1. JacquiWine Post author

      Excellent! I’ll be very interested to hear what you think. As you know, I don’t read very much in the way of contemporary fiction (certainly nowhere near as much as you do), but even so, I was hugely impressed. The TV/film rights have already been snapped up!

      Reply
  2. Tredynas Days

    New names and titles to me, but I’ve recently read quite a lot of contemporary fiction, and am heading back into pre- and early 20C stuff for a bit of substance. OTOH, I have just received in the mail another novel by Sigrid Nunez, whose novel The Friend I’ll be posting on shortly – it’s very good, and I wanted to see another example of her fiction.

    Reply
    1. JacquiWine Post author

      It’s good to mix things up now and again, I think. To be honest, I never would have picked this up had it not been selected for our book group; but I’m so glad my friend chose it in the end as there’s sure to be plenty for us to discuss. I don’t know very much about the Nunez, other than it was a prize-winner in the US. Sounds as if you enjoyed it…

      Reply
    1. JacquiWine Post author

      Ah, that’s interesting. I posted a pic on Twitter just as I was starting it, and the responses from other readers were overwhelmingly positive. So, I’ll be interested to hear to hear what you think!

      Reply
    1. JacquiWine Post author

      I think it would be great for a book group! We’re meeting on Tuesday (via Zoom), so I can let you know how it goes at the end of next week. There’s bound to be plenty to discuss!

      Reply
  3. Julé Cunningham

    Such a Fun Age has garnered much attention over here for obvious reasons, especially as it touches on a type of racism that can be particularly difficult to root out. Samantha Harvey is such a beautiful writer on any subject; I’d like to read her on the frustrations of trying to get those she turned to for help to really understand what she was going through.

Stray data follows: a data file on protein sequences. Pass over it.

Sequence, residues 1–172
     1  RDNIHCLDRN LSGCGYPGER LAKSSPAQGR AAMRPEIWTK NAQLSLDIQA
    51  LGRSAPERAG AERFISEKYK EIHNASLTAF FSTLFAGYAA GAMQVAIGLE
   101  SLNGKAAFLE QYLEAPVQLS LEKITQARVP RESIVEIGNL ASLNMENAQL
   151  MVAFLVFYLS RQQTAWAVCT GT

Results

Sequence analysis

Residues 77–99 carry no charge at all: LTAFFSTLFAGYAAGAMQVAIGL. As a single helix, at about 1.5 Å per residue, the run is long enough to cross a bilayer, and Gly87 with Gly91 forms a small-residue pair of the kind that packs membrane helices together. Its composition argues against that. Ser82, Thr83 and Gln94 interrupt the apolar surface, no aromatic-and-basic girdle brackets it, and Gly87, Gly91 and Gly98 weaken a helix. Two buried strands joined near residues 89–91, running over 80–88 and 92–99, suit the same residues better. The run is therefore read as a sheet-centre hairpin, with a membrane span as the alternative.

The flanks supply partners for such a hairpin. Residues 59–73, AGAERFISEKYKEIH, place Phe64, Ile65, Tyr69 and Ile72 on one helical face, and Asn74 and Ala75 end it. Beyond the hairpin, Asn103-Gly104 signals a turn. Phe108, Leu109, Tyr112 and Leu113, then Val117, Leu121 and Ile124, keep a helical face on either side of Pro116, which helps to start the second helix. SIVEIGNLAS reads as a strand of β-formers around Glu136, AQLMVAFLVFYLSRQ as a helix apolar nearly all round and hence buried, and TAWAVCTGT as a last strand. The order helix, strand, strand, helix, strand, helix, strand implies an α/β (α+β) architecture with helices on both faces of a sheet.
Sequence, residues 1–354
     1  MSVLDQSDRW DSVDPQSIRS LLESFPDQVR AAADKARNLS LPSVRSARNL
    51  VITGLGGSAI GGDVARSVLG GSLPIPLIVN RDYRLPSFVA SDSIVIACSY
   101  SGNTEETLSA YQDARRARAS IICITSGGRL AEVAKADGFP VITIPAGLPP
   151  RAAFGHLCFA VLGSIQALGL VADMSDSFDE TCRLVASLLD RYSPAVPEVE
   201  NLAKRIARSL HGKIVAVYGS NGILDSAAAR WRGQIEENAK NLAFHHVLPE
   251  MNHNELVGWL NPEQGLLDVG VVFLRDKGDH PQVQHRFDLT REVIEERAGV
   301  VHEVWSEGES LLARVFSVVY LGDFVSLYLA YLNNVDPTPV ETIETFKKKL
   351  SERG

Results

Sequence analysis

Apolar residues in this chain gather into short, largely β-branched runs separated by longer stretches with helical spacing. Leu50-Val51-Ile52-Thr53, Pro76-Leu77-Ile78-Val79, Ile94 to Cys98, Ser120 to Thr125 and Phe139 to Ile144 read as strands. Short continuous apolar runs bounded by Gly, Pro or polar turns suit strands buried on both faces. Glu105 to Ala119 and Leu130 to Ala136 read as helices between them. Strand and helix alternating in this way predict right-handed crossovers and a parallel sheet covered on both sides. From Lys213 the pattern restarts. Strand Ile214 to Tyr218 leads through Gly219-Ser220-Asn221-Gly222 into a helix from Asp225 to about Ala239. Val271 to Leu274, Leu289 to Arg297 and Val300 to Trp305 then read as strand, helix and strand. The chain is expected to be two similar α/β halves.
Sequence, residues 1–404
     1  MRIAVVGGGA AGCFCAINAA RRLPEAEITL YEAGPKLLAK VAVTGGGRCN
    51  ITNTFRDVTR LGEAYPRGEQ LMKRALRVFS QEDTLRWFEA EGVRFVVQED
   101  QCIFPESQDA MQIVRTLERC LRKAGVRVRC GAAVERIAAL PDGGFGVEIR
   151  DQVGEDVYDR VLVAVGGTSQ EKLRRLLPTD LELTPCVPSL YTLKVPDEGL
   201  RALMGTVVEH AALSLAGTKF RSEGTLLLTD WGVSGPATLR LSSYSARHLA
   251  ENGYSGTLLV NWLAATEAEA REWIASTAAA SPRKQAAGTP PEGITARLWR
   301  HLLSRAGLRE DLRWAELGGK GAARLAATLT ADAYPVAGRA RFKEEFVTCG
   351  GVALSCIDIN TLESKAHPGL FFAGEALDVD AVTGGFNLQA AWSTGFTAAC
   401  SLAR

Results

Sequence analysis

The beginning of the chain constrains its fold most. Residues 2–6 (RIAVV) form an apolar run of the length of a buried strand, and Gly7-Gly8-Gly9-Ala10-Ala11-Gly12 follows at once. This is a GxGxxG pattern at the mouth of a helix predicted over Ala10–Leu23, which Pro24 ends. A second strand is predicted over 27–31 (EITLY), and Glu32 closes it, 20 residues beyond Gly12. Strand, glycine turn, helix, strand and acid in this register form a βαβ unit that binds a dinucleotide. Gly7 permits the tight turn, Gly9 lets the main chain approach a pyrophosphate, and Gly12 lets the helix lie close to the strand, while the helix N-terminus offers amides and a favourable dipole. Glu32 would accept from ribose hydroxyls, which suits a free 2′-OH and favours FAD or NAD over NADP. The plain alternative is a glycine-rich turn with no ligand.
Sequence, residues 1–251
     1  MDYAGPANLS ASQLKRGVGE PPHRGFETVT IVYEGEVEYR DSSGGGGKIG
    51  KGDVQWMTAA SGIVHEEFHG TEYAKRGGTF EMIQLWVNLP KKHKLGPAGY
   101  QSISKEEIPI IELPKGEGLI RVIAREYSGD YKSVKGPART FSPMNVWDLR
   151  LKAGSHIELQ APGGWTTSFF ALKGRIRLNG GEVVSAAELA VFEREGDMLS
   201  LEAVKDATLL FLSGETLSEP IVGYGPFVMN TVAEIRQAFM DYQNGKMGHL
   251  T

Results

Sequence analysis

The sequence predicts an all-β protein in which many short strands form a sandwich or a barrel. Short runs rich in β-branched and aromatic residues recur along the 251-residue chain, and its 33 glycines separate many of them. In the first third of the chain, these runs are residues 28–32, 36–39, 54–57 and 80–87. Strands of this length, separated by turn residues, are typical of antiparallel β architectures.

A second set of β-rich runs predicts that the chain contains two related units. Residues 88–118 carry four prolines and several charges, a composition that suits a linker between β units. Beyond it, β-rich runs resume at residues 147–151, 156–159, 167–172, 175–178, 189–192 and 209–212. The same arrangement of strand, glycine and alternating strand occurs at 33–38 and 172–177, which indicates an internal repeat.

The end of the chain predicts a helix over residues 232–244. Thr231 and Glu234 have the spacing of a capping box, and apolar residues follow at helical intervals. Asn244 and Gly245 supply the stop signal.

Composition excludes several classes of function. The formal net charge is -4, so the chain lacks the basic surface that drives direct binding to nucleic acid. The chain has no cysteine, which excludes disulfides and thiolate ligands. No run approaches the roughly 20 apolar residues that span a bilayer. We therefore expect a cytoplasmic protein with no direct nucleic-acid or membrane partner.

Reply
    1. JacquiWine Post author

      Yes, I can imagine how topical the Kiley Reid must seem in the US right now. Even though it’s set in the midst of Hillary Clinton’s presidential campaign, the racial politics feel bang up to the minute, probably as a direct consequence of recent incidents….

      And the Samantha Harvey is so beautifully written, a luminous book full of crystalline insights into the author’s world. It somehow manages to feel both fragmentary and seamless at once, something that reflects the nature of insomnia itself.

      Reply
  4. 1streading

    Such a Fun Age sounds successful, but I had such a terrible experience recently with An American Marriage (also a book club choice) that I’m not sure I could take the risk. Samantha Harvey is a writer I’m interested in reading but I usual sleep well and I’m a little scared of reading about insomnia in case it puts the wrong idea in my head!

    Reply
    1. JacquiWine Post author

      Ha! I too had been worried about the potential for insomnia after reading the Harvey, especially given my history with nighttime waking, typically around 3.00-3.30 am. However, I have not succumbed to another bout of it yet! Nevertheless, she’s a writer I think you’d like. The Western Wind is a fascinating novel, not least because the structure goes backwards in time over 3 or 4 separate ‘chunks’. A bit like the Christopher Nolan film, Memento, if that makes sense?

      Reply
  5. kaggsysbookishramblings

    An intriguing pairing, Jacqui and both do sound like excellent reads. As for the subject of insomnia, I find that creeping up on me more and more as I age – why do I always wake up at 3 or 4 in the morning????? And none of the remedies and tips seem to help….

    Reply
    1. JacquiWine Post author

      Yes, I first started to experience periods of insomnia in my forties and it’s been an occasional issue ever since then. As you say, it’s the nighttime waking that proves so problematic, that sense of desperation as a second wave of sleep fails to come. Luckily, I seem to be okay on that front at the moment, so hopefully my sleep patterns have settled down again — at least for the time being!

      Reply
  6. Max Cairnduff